Mary Costigan:

Yes. The EU-U.S. Data Privacy Framework does not apply to data transferred from the UK to the U.S. However, U.S. organizations who are interested in receiving data from the UK can do so by certifying to the UK Extension to the EU-U.S. DPF, also known as the UK Data Bridge. The UK Extension essentially piggybacks on the EU-U.S. DPF. You cannot certify to the UK Extension separately.

Once you've certified to the EU-U.S. DPF and have been placed on the certified list, you can then extend that certification to UK data by selecting the option to add the UK Extension to your DPF certification. Once you've done this, you can begin receiving personal data from the UK after October 12th, 2023. This means you'll also need to update your privacy policy and public statements to note your certification to the UK Extension.

Michael Witteler:

What are the advantages to U.S. organizations from certifying?

Mary Costigan:

Well, it's going to depend a lot on the type of data transferred and the business operations but, in general, there are several advantages for certifying to the new DPF. Perhaps, the most important is it conserves time and resources, so transferring and reliance on the DPF is going to be much less time and resource-intensive because certifying is a one-time deal. After submitting the certification application and having it approved, after selecting your independent dispute resolution mechanism, and after publishing your privacy policy, all that's required is annual renewal. As I said before, that renewal is based on either self-verification of compliance with the program, or third-party verification of your compliance.

In contrast, if we're going with the Standard Contractual Clauses, that requires negotiating and executing a set of Standard Contractual Clauses with each commercial contract that will involve a transfer of data to the U.S. That can be very labor-intensive and slow-moving if you're an organization that enters into a significant number of commercial contracts that involve a transfer of data.

Also, the Standard Contractual Clauses require that you perform a detailed transfer impact assessment. The DPF does not, so that's another advantage to certifying to the EU-U.S. DPF. Third, as I mentioned before, the self-certification process is just relatively straightforward, unlike the SCCs, which are tied directly to a specific commercial contract, in most cases, that's being negotiated.

There are definite benefits to certifying to the DPF. I've heard a lot of clients express concern about the DPF eventually being invalidated, similar to the Privacy Shield. If the challenge is made again, which is anticipated, it will likely take years to work through the European courts to reach a final decision, and so during that time, this may be a good mechanism to take advantage to. Also, another consideration is that, perhaps, if it does work its way through the courts, during that period, the EU and the U.S. may find more common ground on how to resolve any concerns.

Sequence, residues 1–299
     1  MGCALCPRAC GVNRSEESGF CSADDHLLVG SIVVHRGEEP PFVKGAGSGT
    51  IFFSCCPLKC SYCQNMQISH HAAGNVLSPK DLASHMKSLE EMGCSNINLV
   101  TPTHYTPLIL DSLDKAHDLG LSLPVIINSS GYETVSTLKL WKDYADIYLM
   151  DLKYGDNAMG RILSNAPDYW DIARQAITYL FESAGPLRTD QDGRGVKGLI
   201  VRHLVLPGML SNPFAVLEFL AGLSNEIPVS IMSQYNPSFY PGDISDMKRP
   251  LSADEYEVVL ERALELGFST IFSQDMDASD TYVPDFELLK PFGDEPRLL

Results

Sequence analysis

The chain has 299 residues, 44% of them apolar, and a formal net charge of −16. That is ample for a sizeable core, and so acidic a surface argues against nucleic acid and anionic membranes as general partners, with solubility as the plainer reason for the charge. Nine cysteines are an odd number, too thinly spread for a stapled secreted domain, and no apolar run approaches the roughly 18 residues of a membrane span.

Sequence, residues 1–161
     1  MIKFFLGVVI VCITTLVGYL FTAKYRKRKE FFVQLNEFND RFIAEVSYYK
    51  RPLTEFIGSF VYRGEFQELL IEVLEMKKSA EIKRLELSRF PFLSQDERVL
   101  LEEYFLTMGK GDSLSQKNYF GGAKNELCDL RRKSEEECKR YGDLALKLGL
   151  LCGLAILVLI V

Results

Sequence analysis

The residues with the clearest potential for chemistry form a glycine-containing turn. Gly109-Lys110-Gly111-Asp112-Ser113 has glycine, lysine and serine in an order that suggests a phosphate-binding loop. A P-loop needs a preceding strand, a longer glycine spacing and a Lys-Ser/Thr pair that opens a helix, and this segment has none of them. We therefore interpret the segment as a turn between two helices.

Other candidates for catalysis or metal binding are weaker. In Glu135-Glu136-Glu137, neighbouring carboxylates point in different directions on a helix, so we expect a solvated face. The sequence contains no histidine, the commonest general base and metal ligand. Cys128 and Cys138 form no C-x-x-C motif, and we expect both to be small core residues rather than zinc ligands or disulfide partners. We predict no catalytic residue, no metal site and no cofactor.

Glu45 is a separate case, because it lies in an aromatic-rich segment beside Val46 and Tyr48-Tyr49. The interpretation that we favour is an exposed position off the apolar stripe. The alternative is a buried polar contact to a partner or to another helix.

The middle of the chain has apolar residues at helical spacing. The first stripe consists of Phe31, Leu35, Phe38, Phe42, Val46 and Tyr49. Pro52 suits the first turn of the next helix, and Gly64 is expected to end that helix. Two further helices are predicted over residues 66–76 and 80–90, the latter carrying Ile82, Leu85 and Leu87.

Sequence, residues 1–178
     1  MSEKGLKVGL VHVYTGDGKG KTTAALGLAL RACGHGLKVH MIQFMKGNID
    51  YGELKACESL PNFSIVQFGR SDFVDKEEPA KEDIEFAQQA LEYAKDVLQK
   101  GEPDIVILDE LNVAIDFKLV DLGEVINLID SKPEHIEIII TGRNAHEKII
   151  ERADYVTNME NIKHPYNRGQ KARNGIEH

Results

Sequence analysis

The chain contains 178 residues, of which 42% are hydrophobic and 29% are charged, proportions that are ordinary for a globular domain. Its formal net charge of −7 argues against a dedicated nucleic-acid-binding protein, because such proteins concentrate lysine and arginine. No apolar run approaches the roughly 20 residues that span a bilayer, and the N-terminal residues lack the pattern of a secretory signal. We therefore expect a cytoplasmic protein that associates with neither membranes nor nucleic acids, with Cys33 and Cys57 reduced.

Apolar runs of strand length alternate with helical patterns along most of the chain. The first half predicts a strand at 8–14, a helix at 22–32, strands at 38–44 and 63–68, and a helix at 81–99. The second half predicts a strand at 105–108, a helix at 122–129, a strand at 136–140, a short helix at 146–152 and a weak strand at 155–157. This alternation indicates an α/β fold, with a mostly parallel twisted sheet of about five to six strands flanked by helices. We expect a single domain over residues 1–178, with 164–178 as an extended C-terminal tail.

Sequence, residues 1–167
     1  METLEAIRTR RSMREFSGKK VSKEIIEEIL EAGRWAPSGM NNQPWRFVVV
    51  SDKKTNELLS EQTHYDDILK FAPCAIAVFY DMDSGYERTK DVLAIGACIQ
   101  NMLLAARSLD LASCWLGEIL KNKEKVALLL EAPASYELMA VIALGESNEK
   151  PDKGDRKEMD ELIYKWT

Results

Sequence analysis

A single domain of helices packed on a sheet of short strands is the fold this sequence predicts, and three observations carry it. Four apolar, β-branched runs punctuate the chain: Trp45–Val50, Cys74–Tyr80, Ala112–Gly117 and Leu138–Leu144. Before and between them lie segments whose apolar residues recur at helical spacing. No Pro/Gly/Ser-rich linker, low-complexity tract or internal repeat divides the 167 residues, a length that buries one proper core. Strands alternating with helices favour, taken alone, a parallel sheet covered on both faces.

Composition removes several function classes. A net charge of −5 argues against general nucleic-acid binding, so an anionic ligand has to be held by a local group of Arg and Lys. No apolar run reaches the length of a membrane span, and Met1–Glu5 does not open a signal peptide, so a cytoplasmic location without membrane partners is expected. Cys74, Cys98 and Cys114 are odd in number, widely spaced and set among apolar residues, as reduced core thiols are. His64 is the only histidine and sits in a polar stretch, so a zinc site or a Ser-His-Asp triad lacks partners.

Michael Witteler:

Yes. To summarize, one can say that the DPF makes it easier to transfer data between EU member countries and the United States. There is hope that with the current legal situation in the U.S., the European Court of Justice will not rule that the DPF violates EU law, but we never know.

At the moment, we don't see that many use cases of the DPF in Europe. This is, perhaps, due to the fact that companies wanted and needed to continue transferring data after the end of the Privacy Shield. They have, therefore, often used the SCCs, which continue to apply. Many companies, therefore, do not yet see the need to change this. Since the European Court of Justice will, sooner or later, also rule on SCC, this can change very quickly.

In addition, there are still very many companies that do not even care about questions of legality of transfers to third countries. However, one is of the risk is increasing, so the number of use cases under the DPF will certainly rise sharply. Yeah, we are prepared to all the questions coming from our clients regarding what has to be done, what has to be observed, and what are the risks.

Mary Costigan:

Michael, as always, it's been a pleasure speaking with you.

Michael Witteler:

Thank you very much.

Alitia Faccone:

Thank you for joining us on We get work™. Please tune into our next program, where we will continue to tell you not only what's legal, but what is effective. We get work™ is available to stream and subscribe on Apple Podcasts, Google Podcasts, Libsyn, Pandora, SoundCloud, Spotify, Stitcher, and YouTube. For more information on today's topic, our presenters, and other Jackson Lewis resources, visit